Honokaa, Kamehameha to play for Division II state title
Kamehameha-Hawaii and Honokaa will engage in a historic rematch, only this time with much bigger stakes on the line.
Kamehameha overpowered Hanalani 73-53 behind a combined 54 points from Riana Arima and Casey Poe, while Honokaa beat Kauai 58-55 in the Hawaii High School Athletic Association Division II state semifinals Thursday at Kalani High School on Oahu.
The Warriors (11-3) and Dragons (9-3) will play at 5 p.m. today for the Division II championship at Neal Blaisdell Center, marking the first time two Big Island Interscholastic Federation girls basketball teams will oppose each other in a state final. OC16 will televised the game on channels 12 and 1012.
On Wednesday, the BIIF landed two teams in the Division I semifinals and two more in the Division II semis, a first-time feat.
“It’s always great when you’re part of history,” Kamehameha coach Garrett Arima said. “It’s something the girls worked so hard for. It’s an honor to be there. Lots of teams work hard all year to get here, but only two teams can be in the championship.”
The Warriors and Dragons live in the same BIIF neighborhood but don’t know each other all that well. They played just once this season — in the BIIF Division II championship, a 49-48 thriller Kamehameha won for its sixth straight league title.
As per custom, the 1-2 scoring punch of Arima, who hit jumpers, layups and 3-point shots for 32 points, and Poe, who added 22 points, carried the Warriors.
But it always helps to have a group of five play defense to help fuel fast-break points for Arima and Poe, a key the Kamehameha coach neatly pointed out.
“Despite playing solid defense, they still had great games offensively,” Arima said. “Riana shot the ball really well. She hit outside jumpers, attacked the basket and got layups off our defense. It was a great team effort, and our defense allowed us to get uncontested layups.”
A 1-2 punch proved to be much better than a single shot-maker. Sarah Liva went off for 34 points to lead the Royals (9-4), the Interscholastic League of Honolulu’s No. 3 team.
Hanalani didn’t help itself at the free throw line, throwing up bricks and going 12-for-29 for 41 percent. Liva went 4-for-13. Kamehameha made 20-of-34 for 59 percent.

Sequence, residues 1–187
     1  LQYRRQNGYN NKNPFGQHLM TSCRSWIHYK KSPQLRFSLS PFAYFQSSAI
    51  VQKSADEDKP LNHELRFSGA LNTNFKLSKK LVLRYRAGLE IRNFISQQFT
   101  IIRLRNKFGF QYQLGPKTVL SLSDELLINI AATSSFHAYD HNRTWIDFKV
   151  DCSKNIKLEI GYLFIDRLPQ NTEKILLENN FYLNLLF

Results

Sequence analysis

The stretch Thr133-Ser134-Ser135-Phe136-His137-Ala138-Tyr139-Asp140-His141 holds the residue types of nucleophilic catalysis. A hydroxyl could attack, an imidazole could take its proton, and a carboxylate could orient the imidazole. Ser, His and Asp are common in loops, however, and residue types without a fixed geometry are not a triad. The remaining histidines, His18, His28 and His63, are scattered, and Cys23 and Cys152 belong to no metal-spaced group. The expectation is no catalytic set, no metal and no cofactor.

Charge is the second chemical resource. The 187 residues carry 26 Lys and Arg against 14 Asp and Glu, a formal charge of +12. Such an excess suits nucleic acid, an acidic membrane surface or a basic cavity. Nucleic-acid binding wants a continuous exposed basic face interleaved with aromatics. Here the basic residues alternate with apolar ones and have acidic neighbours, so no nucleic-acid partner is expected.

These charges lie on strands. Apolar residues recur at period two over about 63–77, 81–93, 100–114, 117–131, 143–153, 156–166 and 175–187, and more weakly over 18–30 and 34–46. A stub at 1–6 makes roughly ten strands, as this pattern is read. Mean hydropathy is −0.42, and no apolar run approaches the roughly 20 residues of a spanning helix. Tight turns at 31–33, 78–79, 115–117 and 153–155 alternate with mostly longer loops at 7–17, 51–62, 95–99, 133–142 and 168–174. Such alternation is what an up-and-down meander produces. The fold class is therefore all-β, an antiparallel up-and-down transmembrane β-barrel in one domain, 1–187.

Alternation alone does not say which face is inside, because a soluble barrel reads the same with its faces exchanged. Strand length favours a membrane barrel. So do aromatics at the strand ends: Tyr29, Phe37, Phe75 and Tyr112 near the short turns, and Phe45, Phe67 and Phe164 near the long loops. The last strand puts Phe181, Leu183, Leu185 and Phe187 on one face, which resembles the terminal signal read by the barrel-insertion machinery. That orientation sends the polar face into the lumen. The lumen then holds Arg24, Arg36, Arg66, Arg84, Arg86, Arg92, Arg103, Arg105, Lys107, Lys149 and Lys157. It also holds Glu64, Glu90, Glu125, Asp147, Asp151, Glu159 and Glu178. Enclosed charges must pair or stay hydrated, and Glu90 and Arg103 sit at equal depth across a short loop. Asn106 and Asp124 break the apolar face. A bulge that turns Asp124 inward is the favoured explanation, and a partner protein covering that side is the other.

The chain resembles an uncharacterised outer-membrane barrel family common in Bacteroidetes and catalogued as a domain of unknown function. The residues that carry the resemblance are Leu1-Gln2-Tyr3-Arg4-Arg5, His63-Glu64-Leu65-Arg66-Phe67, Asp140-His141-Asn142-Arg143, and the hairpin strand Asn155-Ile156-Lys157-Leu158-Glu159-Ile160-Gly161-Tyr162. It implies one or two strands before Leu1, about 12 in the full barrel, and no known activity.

Meanwhile, the Dragons continued their good habit of winning close ballgames. They beat McKinley 58-48 in the first round and Hawaii Baptist 37-35 in the quarterfinals.
“Our girls are growing up, gaining experience and learning how to win close games,” Honokaa coach James Lukzen said. “Hunter Liftee played big again. She plugged up the middle on defense. Kauai had three big girls — good size, stocky and strong underneath. She sagged in the middle and helped the lanes.”
Liftee scored 14 points, and Keana Kaohimaunu added 10, but Shayla Ignacio led the way with 16 points, including 5 of 6 free throws down the stretch. She made 1 of 2 with 3.5 seconds left for a 58-55 lead.
Then Kauai point guard Kristie Henry dribbled down the court, pulled up at the 3-point arc and fired. The ball went in, but not before the game-ending buzzer sounded. Henry, who lit up Kalani for 30 points in the quarterfinals, was dangerous to the end.
Against the Dragons, she scored 21 points to lead the Red Raiders (9-1), the Kauai Interscholastic Federation champion. Casey Anacleto added 17 points as the designated shooter in Kauai’s pick-and-roll offense.
Now the Dragons have a chance to make school history. No Honokaa basketball team, either boys or girls, has won a state title. The Honokaa girls lost to Punahou 60-37 for the state championship in 1997.
“We’re eager to have a second chance against Kamehameha,” Lukzen said. “We lost the BIIF championship to them, but we can win the bigger trophy. We have to try and stop two of their scorers. Henry is very good, but Kamehameha has two of those.
“In that BIIF championship, they got to the free throw line 20 times in the first half. Kamehameha is very aggressive going to the basket. If they see a lane, they’ll make up their mind and go. Our help side needs to step in and draw a charge. If we want to win, we have to play defense.”
Lukzen and his Dragons don’t need to be reminded that defense wins championships. The Warriors know that too. They’re the defending state champs, after all.
Either way, Arima pointed out that the BIIF is the big winner.
“With Konawaena, it’s great that we’ve got three teams in the finals,” he said. “That tells a lot about where Big Island basketball is at. I’m proud of all the teams. We’ll have to see what happens in the championships.”
Honokaa 8 20 14 16 — 58
Kauai 12 12 13 18 — 55
Hanalani 8 17 16 12 — 53
Kamehameha 15 20 18 20 — 73